There is great variation in the age when signs of HIV-associated illness first appear in children infected perinatally. In long-term survivors a combination of specific, innate virologic properties and host immune responses keep the infection """"""""in check"""""""", as compared to virologic parameters in other infected infants who develop rapidly progressive disease. We will detail the relationships that exist between the biologic characteristics (viral phenotype) displayed by primary pediatric isolates of HIV-1 in vitro and clinical manifestations of disease. We will determine whether sequential isolates become more pathogenic as the infection progresses and whether pediatric long-term survivors have viral isolates which display phenotypes associated with decreased pathogenicity. We will attempt to cultivate all isolates in monocyte-derived macrophages to learn how this growth property evolves and if it correlates with changes in the pace of clinical illness or with CNS disease. We will determine whether there are consistent associations between specific sequences in the V1, V2 and V3 loops of env and viral phenotype. We will also study the degree to which the genotype of virus isolates passaged in culture conforms with the genotype of feral virus strains that are isolated de novo from blood mononuclear cells and plasma. In order to study in greater detail the relationships between genotype and phenotype, infectious proviral DNA clones of a small number of mother and child isolates will be obtained and their biologic behavior examined. Portions of the env region of these clones will be sequenced. We will look for genetic features that are associated with particular phenotypes. In these studies we will make extensive use of an archive of samples (virus stocks, culture supernatant fluids, frozen PBMC, plasma, etc) that have been collected from 70 HIV-1 infected children in Connecticut, including 27 long-term survivors, and of new specimens that we will collect prospectively. Most of our patients are also enrolled in a prospective, longitudinal cohort study; hence, demographic and clinical data are available to define associations between phenotype, genotype and clinical expression of disease.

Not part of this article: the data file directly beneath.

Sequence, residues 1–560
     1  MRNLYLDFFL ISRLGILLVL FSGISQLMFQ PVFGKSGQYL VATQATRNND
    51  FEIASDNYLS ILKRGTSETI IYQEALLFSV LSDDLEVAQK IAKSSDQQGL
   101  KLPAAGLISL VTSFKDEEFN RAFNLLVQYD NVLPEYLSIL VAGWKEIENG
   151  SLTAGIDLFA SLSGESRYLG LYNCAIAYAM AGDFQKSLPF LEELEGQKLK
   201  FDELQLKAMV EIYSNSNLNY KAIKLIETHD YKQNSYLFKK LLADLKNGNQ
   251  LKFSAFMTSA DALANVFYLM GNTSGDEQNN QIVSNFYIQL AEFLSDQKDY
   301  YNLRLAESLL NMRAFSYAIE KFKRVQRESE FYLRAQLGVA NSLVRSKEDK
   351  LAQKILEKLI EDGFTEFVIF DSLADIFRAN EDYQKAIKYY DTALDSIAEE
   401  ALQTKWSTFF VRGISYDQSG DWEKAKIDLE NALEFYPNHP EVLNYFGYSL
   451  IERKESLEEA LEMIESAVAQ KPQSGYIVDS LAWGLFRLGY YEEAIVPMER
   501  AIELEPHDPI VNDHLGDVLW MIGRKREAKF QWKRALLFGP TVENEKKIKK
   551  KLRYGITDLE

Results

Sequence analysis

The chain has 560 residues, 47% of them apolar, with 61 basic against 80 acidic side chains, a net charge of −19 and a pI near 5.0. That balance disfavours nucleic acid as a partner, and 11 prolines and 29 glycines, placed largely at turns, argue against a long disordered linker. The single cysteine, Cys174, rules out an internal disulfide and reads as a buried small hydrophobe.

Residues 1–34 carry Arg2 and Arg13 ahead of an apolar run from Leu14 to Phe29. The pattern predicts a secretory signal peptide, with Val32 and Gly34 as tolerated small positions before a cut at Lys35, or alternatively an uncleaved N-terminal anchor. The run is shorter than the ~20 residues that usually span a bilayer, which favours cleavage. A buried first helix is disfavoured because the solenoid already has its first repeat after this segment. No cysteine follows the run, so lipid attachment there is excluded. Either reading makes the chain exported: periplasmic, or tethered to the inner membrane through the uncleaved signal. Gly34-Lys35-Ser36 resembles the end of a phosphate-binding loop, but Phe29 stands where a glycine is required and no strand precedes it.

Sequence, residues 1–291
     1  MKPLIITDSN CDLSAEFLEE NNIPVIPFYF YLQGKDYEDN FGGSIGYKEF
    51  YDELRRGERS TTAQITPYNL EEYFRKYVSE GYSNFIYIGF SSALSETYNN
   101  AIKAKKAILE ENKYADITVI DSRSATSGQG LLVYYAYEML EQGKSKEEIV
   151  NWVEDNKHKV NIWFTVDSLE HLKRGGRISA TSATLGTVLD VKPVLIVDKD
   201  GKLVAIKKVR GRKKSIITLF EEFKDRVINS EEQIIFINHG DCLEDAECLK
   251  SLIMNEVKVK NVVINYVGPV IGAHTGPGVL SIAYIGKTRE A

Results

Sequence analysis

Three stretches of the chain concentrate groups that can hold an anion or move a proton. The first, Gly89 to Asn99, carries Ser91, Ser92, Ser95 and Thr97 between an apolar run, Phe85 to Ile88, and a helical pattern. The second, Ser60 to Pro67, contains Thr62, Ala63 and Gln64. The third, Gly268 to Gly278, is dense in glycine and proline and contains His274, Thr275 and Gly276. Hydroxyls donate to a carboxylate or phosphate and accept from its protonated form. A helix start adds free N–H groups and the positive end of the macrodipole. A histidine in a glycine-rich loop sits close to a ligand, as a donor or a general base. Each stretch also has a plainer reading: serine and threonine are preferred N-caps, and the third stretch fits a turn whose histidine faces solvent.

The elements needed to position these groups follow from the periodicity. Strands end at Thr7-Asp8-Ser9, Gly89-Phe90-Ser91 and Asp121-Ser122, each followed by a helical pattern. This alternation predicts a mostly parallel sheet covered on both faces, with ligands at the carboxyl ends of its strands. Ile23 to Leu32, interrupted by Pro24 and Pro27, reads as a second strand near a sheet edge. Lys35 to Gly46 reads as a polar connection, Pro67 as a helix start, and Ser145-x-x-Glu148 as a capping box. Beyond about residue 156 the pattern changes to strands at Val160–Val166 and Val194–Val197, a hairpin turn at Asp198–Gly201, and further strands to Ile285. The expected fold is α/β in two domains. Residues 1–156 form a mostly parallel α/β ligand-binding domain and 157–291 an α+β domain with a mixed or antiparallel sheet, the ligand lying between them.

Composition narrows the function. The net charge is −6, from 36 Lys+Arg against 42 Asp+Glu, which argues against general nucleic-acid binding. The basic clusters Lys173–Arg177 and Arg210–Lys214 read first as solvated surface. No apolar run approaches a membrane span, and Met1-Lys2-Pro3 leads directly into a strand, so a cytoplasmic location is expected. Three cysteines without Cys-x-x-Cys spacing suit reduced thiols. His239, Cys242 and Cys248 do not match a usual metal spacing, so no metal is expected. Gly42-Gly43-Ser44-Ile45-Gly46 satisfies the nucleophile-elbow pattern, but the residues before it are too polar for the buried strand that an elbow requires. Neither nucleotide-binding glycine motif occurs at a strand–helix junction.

Agency
National Institute of Health (NIH)
Institute
National Institute of Allergy and Infectious Diseases (NIAID)
Type
Research Project (R01)
Project #
5R01AI039015-04
Application #
2887100
Study Section
AIDS and Related Research Study Section 1 (ARRA)
Program Officer
Hoff, Rodney
Project Start
1996-08-01
Project End
2001-07-31
Budget Start
1999-08-01
Budget End
2000-07-31
Support Year
4
Fiscal Year
1999
Total Cost
Indirect Cost
Name
Yale University
Department
Pediatrics
Type
Schools of Medicine
DUNS #
082359691
City
New Haven
State
CT
Country
United States
Zip Code
06520
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